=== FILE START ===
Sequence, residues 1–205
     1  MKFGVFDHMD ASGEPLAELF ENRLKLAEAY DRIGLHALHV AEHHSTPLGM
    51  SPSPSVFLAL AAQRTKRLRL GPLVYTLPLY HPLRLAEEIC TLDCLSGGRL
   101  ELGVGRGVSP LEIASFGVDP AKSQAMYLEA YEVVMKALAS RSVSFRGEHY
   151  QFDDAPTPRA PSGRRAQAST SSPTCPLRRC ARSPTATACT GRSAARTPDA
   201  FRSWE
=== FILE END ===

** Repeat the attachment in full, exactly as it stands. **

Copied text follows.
Sequence, residues 1–205
     1  MKFGVFDHMD ASGEPLAELF ENRLKLAEAY DRIGLHALHV AEHHSTPLGM
    51  SPSPSVFLAL AAQRTKRLRL GPLVYTLPLY HPLRLAEEIC TLDCLSGGRL
   101  ELGVGRGVSP LEIASFGVDP AKSQAMYLEA YEVVMKALAS RSVSFRGEHY
   151  QFDDAPTPRA PSGRRAQAST SSPTCPLRRC ARSPTATACT GRSAARTPDA
   201  FRSWE